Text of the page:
A first contribution to the validation of the Italian version of the Behavioral Pain Scale in sedated, intubated, and mechanically ventilated paediatric patients

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Francesco Sulla
Melania La Chimia
Lucrezia Barbieri
Antonella Gigantiello
Concetta Iraci
Giulia Virgili
Giovanna Artioli
Leopoldo Sarli


Behavioral Pain Scale, pain assessment, PICU, paediatric patients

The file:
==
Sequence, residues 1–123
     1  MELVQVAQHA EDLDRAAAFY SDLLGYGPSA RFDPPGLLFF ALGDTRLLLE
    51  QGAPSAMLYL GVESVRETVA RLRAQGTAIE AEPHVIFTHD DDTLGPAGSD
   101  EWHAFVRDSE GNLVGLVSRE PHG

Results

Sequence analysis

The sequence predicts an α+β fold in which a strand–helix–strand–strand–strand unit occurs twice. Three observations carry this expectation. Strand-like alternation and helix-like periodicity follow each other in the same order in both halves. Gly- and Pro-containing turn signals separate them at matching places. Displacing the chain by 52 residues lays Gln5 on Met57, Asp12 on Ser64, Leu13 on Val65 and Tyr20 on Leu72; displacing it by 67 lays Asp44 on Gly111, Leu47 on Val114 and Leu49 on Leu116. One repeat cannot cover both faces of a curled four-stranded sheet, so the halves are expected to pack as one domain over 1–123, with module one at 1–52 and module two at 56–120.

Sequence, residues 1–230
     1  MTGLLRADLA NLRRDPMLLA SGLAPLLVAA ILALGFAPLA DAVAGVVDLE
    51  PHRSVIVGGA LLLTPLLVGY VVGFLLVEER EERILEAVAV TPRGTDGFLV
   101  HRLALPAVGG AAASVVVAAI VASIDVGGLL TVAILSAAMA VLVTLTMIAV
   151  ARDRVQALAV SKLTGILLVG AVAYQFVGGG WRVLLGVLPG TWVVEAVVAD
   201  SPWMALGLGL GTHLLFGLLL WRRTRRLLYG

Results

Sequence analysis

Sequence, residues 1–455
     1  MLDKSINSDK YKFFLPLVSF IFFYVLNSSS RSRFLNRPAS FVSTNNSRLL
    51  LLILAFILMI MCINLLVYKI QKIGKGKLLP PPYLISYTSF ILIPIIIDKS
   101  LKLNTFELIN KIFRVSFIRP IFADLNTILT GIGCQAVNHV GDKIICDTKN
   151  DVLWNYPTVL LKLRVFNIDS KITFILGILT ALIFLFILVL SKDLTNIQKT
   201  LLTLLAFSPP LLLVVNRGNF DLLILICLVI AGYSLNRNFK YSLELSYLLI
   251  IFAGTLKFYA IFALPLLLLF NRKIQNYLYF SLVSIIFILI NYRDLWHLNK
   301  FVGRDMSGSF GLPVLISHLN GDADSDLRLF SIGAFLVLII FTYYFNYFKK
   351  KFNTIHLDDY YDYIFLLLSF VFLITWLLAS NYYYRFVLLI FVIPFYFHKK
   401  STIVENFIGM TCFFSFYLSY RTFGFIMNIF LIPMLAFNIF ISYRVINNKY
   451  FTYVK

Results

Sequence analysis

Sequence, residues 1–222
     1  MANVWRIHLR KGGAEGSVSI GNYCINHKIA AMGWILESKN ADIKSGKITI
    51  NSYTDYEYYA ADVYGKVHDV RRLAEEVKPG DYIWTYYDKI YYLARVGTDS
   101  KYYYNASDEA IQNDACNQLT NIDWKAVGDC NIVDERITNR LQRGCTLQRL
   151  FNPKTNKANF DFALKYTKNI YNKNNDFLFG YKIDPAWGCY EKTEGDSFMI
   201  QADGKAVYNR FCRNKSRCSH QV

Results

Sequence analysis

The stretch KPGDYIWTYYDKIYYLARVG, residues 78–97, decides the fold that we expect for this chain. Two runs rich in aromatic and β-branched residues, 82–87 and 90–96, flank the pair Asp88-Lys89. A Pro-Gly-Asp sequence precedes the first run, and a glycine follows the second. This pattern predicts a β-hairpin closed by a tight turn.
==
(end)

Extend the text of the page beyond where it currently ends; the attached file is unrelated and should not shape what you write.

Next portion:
Background and aim of the work: Numerous negative outcomes of inadequate pain management among children have been cited in the literature. Inadequate pain management may be particularly detrimental to children and adolescents facing life-threatening injury or illness on a Paediatric Intensive Care Unit (PICU). It is therefore absolutely necessary that professionals utilize effective and efficient tools in order to evaluate a person’s sensations of pain in the most objective way possible. The COMFORT-B scale is recognised as the gold standard in such patients. However, the use of this instrument in the clinical PICU setting is disputed. It requires long periods of observation to ensure an adequate utilization. Boerlage et al. noted that nurses are often impatient and do not always observe the patient for the recommended 2 minutes period. The Behavioral Pain Scale (BPS), instead, is considered to be the gold standard for pain assessment in deeply sedated, mechanically ventilated adult patients. This observational pain scale requires shorter observation time compared to the COMFORT-B. Moreover, BPS three subscales are included in other observational pain scales for paediatric patients. Therefore, the objective of this study was to assess the applicability of the BPS for use with paediatric patients. Methods: Firstly, a questionnaire was administered to physicians and nursing staff that work in the units where the study was conducted in order to investigate the actual use of observational pain scales in their units. A second questionnaire was administered to a group of experts regarding the BPS, to assess both face validity and content validity, and to gain opinions on the relative appropriateness of each item. A descriptive, comparative design was used. A convenience sample of non-verbal, sedated and mechanically ventilated critical care paediatric patients was included. 39 observations were collected from 9 patients, all in their first year of age. Patient pain was assessed concurrently with the three observational scales, before, during and after routine procedures that are considered painful and non-painful. Results: The data collected through questionnaires for professionals gave a useful insight into pain assessment in the investigated units: only 46% of respondents stated that they assessed patients’ pain levels, with an average of 2.8 times per shift; 60% of respondents declared to be unhappy with the observational scales that they utilise. Regarding the observations, internal consistency was α = .865. Correlations between BPS and the other instruments were high, demonstrating a good concurrent validity of the test. T test and ROC curves demonstrated a good discriminant validity as well. Conclusions: Although the current study is based on a small sample of participants, these first results encourage us to continue working in the validation of the BPS in paediatric patients.

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